Ebola Survivors May Be the Key to Treatment—For Almost Any Disease

A group of volunteer medical workers carry the bodies of Ebola victims to a car in order to bury them in Kptema graveyard in Kenema, Sierra Leone, on August 24, 2014. MOHAMMED ELSHAMY/ANADOLU AGENCY/GETTY IMAGES

A group of volunteer medical workers carry the bodies of Ebola victims to a car in order to bury them in Kptema graveyard in Kenema, Sierra Leone, on August 24, 2014. MOHAMMED ELSHAMY/ANADOLU AGENCY/GETTY IMAGES

From Erika Check Hayden at Wired

LINA MOSES SENSED the ghost of Ebola as soon as her Land Cruiser entered the gate at Kenema Government Hospital. More than a hundred people had died in the treatment center here, an epicenter of the epidemic in Sierra Leone. A doctor who had treated them was buried on a hill overlooking the compound. When Ebola erupted in Kenema in May 2014, Moses was working here as an epidemiologist. She had never seen an Ebola patient. She could have fled home to New Orleans. Instead she stayed, fighting the outbreak and watching patients and friends die one by one.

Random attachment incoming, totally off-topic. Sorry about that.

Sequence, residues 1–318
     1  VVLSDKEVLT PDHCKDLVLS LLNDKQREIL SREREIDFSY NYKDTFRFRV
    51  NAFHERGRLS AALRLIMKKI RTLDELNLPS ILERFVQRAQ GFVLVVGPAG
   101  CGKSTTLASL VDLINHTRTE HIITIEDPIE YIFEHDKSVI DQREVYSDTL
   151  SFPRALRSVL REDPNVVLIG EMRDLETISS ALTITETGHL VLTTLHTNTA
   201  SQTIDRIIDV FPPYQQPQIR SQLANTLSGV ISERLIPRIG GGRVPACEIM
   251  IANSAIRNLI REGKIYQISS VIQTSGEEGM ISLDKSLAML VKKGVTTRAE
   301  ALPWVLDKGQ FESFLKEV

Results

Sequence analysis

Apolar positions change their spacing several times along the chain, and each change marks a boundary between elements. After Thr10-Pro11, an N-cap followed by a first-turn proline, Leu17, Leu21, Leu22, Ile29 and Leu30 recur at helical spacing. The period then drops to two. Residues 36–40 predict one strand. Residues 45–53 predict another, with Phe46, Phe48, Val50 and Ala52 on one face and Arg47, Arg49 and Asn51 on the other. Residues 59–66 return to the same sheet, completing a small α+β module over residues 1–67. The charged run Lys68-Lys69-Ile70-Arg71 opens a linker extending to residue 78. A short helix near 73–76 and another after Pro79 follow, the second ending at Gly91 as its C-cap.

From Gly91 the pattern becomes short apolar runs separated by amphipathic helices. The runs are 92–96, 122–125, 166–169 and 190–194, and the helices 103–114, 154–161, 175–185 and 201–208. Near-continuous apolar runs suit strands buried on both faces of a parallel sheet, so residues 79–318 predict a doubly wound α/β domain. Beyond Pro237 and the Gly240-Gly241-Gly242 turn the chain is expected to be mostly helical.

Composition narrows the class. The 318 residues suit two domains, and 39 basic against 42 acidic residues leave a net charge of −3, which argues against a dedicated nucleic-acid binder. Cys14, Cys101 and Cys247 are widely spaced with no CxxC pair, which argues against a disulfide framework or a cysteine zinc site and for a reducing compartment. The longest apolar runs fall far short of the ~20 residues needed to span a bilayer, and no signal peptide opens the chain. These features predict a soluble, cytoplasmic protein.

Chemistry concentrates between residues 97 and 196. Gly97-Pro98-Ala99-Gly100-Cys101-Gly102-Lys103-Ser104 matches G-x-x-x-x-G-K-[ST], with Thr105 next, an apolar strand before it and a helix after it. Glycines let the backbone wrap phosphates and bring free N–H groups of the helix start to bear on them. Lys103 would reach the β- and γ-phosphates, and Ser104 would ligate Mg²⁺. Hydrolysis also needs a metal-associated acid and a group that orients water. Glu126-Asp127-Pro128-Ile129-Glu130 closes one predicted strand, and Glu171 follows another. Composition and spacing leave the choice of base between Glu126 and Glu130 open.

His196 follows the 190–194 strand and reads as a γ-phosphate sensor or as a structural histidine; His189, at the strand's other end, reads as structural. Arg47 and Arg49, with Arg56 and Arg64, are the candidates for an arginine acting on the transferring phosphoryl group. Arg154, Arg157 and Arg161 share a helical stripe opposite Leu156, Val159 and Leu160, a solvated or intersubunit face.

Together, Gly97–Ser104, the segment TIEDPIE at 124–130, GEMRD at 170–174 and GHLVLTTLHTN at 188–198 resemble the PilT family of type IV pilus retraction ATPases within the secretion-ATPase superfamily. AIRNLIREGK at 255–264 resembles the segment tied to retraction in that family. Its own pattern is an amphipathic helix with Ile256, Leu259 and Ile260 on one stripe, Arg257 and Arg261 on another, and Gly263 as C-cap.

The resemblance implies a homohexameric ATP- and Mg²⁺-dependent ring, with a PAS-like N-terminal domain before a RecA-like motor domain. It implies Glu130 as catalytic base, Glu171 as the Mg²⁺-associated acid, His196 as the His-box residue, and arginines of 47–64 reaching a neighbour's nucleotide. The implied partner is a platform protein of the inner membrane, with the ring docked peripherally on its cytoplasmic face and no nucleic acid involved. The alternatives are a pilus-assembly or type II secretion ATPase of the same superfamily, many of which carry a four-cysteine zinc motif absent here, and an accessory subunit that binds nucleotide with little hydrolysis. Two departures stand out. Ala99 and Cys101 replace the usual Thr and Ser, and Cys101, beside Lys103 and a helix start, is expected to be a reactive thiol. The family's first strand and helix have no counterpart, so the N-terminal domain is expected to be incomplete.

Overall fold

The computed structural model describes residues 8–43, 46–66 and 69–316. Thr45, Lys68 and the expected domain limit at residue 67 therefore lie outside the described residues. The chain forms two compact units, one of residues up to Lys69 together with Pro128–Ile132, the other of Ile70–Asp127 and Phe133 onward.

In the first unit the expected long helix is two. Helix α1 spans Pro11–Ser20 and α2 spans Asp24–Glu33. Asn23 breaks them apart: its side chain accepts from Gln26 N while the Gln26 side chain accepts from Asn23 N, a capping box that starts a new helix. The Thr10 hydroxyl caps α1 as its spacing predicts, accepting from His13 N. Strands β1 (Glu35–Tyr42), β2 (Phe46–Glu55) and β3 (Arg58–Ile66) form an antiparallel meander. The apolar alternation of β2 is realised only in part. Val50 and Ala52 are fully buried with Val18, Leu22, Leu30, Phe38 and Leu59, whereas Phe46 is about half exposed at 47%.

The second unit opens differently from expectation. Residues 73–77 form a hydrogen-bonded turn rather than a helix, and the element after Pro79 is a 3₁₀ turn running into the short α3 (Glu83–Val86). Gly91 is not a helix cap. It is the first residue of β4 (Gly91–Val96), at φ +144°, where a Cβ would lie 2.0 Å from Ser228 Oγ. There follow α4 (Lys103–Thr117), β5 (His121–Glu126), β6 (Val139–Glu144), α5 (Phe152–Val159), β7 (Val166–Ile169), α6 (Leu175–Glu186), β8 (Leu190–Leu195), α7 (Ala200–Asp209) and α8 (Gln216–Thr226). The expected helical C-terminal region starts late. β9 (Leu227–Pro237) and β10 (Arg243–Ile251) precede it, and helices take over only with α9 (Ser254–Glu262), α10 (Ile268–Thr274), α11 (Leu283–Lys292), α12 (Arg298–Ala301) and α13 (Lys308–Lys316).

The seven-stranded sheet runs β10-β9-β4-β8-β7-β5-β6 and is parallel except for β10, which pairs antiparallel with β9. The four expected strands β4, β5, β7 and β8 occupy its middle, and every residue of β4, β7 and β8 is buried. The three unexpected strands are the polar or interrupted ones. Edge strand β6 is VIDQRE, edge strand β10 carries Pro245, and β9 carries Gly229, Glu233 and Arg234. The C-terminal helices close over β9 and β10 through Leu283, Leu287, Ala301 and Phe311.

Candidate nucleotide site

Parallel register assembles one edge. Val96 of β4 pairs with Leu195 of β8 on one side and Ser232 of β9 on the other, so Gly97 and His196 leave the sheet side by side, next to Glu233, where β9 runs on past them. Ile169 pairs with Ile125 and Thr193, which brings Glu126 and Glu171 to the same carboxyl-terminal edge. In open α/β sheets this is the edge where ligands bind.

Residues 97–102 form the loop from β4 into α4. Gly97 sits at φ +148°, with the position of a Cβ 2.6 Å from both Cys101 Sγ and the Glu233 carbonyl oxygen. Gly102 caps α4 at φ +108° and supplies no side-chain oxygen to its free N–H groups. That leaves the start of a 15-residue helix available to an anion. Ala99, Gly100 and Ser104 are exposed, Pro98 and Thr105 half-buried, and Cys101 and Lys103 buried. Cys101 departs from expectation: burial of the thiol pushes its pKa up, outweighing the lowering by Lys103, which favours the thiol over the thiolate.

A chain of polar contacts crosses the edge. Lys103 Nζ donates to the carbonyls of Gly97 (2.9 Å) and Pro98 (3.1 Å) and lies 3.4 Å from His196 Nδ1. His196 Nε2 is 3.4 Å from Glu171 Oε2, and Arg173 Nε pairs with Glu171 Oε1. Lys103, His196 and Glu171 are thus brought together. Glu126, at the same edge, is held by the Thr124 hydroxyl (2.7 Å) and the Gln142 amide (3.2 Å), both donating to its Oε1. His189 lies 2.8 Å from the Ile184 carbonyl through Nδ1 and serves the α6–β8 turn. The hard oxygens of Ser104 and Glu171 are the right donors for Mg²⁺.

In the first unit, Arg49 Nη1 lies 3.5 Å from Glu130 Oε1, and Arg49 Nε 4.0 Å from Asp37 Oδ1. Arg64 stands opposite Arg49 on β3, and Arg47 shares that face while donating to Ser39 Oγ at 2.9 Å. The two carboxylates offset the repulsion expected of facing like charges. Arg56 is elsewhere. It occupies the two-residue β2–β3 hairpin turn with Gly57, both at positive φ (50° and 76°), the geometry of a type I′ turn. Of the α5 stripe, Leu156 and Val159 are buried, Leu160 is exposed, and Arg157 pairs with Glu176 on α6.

Eventually Moses returned to the US. But now, two months later, she and one of the people she’d worked with, a physician named John Schieffelin, were back. Moses’ driver eased the Land Cruiser up to her old lab, a single-story building tucked in the corner of the hospital compound. Workers appeared and started to help unload supplies. Moses, meanwhile, stepped out into the searing midday heat and stretched her legs. She saw six people sitting on the concrete steps of an office across from her lab. Some had been nurses and researchers at Kenema; a couple were part of a newly formed survivors’ union. That’s how they’d heard about Moses’ mission.

All six had been infected with Ebola and survived. Hypothetically, that made them immune to the disease. That’s why Moses had returned—to harness that immunity to try to ensure Ebola never killed anyone again.

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